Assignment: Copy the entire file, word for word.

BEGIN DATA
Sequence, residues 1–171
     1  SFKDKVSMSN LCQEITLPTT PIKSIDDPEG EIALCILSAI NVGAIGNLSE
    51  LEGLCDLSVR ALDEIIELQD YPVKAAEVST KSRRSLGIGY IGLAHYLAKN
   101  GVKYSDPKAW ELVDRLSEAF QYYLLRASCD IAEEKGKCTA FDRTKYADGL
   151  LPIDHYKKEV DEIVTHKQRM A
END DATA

Sequence, residues 1–171
     1  SFKDKVSMSN LCQEITLPTT PIKSIDDPEG EIALCILSAI NVGAIGNLSE
    51  LEGLCDLSVR ALDEIIELQD YPVKAAEVST KSRRSLGIGY IGLAHYLAKN
   101  GVKYSDPKAW ELVDRLSEAF QYYLLRASCD IAEEKGKCTA FDRTKYADGL
   151  LPIDHYKKEV DEIVTHKQRM A